it can be found here:

    www.apa.org/journals/features/psp7761121.pdf

  32. Robert Carnegie said,

    November 24, 2007 at 10:50 pm

    What sorts of problems do other countries have with the ID card systems they run? And where can I read up on good security practice with large databases, distributed or otherwise, that prevents people from doing the child benefit thing if they take it into their heads to? Because at my workplace I could put into my own hands with a couple of commands to a set of Microsoft SQL Servers, a great deal of personal data that I could misuse very badly. (I’m not asking for offers.) Presumably, good practice includes, at best, very few people being able to do that.

  33. projektleiterin said,

    November 24, 2007 at 10:50 pm

    I would like to mention that Germany’s chancellor Angela Merkel has a PhD in Physics and is a woman. :D I don’t vote for her party though. :(

  34. jackpt said,

    November 24, 2007 at 10:58 pm

    RC, check out the links and the books here. Anderson’s book is available online. Multiple chapters will interest you.

  35. john barleycorn said,

    November 24, 2007 at 11:21 pm

    “my issue is not with ignorant humanities graduates, so much as with those humanities graduates who engage themselves in complex matters which require some technical understanding, and then profess expertise, whether it is security, risk, treatments, stats, etc.”

    With you all the way there. My favourite from my own field (eek! Fine Art) is John Latham, web.archive.org/web/20050311223051/http://www.flattime.net/index.html
    People think he was a genius!

  36. wilyoldpete said,

    November 25, 2007 at 12:06 am

    Hope the Germans know about this!!
    www.bbc.co.uk/worldservice/learningenglish/newsenglish/witn/2007/11/071123_fingerprint.shtml

  37. Mike said,

    November 25, 2007 at 12:27 am

    The following email to the ICO bounced. I have removed my name and contact details, and the name of my MP. There is a link to a highly technical, but apparently peer-reviewed and respected, research publication. I have added my own interpretation for those with more limited statistical knowledge.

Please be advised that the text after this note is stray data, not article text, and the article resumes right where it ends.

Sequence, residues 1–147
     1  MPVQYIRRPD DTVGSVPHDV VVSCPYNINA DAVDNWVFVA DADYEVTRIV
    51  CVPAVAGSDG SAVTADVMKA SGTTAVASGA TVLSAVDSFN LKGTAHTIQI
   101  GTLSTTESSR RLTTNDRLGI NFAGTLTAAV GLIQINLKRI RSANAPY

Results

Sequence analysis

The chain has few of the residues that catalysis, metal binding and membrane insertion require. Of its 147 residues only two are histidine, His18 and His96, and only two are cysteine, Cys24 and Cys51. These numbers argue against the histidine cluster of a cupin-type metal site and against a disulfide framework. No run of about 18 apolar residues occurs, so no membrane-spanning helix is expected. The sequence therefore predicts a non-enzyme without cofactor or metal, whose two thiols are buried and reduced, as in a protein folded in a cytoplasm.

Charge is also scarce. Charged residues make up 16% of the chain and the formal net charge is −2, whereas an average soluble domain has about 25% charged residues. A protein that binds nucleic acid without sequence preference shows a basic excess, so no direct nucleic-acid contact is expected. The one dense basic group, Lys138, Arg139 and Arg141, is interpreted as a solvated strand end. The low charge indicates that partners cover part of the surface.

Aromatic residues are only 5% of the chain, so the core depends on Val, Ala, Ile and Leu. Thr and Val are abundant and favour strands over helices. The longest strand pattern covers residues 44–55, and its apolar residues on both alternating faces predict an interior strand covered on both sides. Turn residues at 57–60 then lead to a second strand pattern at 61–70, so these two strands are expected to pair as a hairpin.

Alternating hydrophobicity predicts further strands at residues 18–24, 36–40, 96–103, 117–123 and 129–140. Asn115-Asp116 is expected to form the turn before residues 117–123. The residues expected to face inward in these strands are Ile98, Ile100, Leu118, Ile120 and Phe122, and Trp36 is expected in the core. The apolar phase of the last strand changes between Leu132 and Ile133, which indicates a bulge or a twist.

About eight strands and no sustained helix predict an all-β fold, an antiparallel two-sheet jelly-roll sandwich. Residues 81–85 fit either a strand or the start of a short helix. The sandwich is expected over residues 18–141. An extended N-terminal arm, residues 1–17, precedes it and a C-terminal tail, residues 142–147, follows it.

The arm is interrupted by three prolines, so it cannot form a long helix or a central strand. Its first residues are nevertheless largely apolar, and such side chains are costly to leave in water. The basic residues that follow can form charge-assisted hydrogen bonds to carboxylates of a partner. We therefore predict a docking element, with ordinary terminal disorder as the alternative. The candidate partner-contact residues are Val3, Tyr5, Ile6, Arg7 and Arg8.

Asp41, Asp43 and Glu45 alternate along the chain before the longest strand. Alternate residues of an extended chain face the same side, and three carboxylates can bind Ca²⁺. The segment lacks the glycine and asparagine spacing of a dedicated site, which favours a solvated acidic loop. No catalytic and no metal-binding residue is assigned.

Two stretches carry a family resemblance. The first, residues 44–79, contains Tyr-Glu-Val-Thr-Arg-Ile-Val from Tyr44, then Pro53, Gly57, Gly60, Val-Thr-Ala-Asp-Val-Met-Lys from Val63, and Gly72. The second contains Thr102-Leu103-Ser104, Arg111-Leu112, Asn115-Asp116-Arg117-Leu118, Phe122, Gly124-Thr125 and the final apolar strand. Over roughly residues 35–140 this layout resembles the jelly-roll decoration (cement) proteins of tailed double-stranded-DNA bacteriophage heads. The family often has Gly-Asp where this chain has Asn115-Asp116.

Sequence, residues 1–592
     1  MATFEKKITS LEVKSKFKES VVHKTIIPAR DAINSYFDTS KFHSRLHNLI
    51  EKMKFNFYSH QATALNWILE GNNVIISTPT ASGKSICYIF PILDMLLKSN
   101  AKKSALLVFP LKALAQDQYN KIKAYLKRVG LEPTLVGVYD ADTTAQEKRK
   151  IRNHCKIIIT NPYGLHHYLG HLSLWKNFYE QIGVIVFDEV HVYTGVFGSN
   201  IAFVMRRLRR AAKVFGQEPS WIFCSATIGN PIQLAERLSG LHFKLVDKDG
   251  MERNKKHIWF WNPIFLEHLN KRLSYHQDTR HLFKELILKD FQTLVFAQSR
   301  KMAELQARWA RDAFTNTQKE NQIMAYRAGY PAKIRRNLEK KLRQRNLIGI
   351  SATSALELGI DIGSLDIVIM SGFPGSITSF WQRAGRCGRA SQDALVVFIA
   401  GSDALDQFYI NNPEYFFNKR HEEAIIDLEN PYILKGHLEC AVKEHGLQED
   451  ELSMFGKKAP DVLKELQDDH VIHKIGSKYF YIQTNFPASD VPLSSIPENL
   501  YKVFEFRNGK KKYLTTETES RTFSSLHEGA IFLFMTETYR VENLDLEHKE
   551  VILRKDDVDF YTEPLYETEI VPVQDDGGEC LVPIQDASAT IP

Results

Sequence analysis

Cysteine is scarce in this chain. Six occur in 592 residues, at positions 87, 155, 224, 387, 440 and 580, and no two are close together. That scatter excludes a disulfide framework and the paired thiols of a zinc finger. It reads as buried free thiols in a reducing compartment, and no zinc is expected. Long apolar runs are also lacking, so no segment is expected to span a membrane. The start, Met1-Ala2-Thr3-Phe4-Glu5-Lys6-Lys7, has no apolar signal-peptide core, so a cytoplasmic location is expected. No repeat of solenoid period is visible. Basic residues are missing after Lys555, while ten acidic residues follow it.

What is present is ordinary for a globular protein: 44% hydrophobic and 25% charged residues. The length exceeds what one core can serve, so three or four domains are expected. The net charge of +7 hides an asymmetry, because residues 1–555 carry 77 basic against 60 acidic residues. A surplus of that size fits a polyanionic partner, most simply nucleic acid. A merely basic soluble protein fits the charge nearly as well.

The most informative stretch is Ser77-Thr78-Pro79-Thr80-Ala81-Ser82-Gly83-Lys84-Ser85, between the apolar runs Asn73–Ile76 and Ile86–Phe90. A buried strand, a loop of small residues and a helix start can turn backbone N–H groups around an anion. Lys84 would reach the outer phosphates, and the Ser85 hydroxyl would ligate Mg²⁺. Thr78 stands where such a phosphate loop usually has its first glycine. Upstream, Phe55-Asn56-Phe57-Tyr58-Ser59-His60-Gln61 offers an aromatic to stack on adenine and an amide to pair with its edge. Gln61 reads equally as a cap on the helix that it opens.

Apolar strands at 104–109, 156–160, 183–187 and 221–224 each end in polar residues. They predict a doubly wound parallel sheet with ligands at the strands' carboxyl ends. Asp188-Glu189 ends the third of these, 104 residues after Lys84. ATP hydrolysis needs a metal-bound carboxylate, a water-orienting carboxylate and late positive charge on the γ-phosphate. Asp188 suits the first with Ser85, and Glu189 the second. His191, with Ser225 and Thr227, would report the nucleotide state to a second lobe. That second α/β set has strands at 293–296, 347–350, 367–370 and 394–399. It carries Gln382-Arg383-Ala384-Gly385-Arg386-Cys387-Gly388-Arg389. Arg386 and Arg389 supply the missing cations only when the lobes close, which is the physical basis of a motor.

++++

    FAO Richard Thomas Information Commissioner

    Dear Sir

    I remain concerned, following the recent loss of personal details held by HMRC, that I could in the future have my personal details held on an ID National Database, with no guarantee in my view that it is likely to be secure. My scepticism is based on the poor outcome of previous large govt IT systems, and the equally poor prognosis for those ongoing.

    Please find appended an email to my MP, highlighting a particular problem with multiple biometric tests. When used in combination, their overall reliability may be worsened. I do not object to carrying ID as such, as required in continental Europe, but only to the proposed ID National Database.

    +++ Forwarded message, dated 18-Feb-2006 +++

    Dear

    Further to my email earlier today, reminding you that I had expressed concern to you in May 2005 about the reliability of multiple biometric tests, and asking you to look again at…

    www.cl.cam.ac.uk/users/jgd1000/combine/combine.html

    I have found that this article generated extensive discussion from people with better knowledge of probability than mine. Most agree that combining probabilities from multiple biometric tests is fraught. I have no doubt that the protagonists have put their views to gvt experts.

    For those of us with more limited expertise, may I explain this in basic terms?

    The best published evidence is that the 3 proposed biometric tests each has a certain probability of giving a correct result. Facial recognition 69%. Fingerprint recognition 81%. Iris recognition 96%.

    Therefore, if a strict recognition regime is applied (for example when screening for suspected terrorists), in which all 3 biometric tests must be passed, there is probability of 0.69×0.81×0.96 (= 54%) that a correct result will ensue. But nearly one chance in two of incorrect rejection.

    If only only one of the 3 tests must be passed (for example when checking in non-suspicious passengers at airports), the probability of incorrect rejection is 0.31×0.19×0.04 (=0.24%). This may seem low, but it would mean one or two passengers incorrectly turned away from many intercontinental flights, and would not pass my personal criterion.

    I am aware that I have simplified the statistical argument, but only better to make my point. There will be plenty of experts to argue the finer mathematics.

    +++ end of forwarded message +++

  38. regularfry said,

    November 25, 2007 at 12:31 am

    @jackpt, first post:

    You can’t use a one-way hash function for this application, because the minutiae readings can be subtly different from one reading to the next. This means that go/no-go has to be based on proximity to the stored template, not a precise match. A hash function that preserved proximity would reversable. At least, that’s my understanding.

  39. pogo said,

    November 25, 2007 at 12:41 am

    Most amazing thing about the “Mythbusters” fingerprint lock crack was that after all the (successful) monkeying around with fingerprints made from ballistic gels etc they finally succeeded in opening the lock using just a *photocopy* of a fingerprint!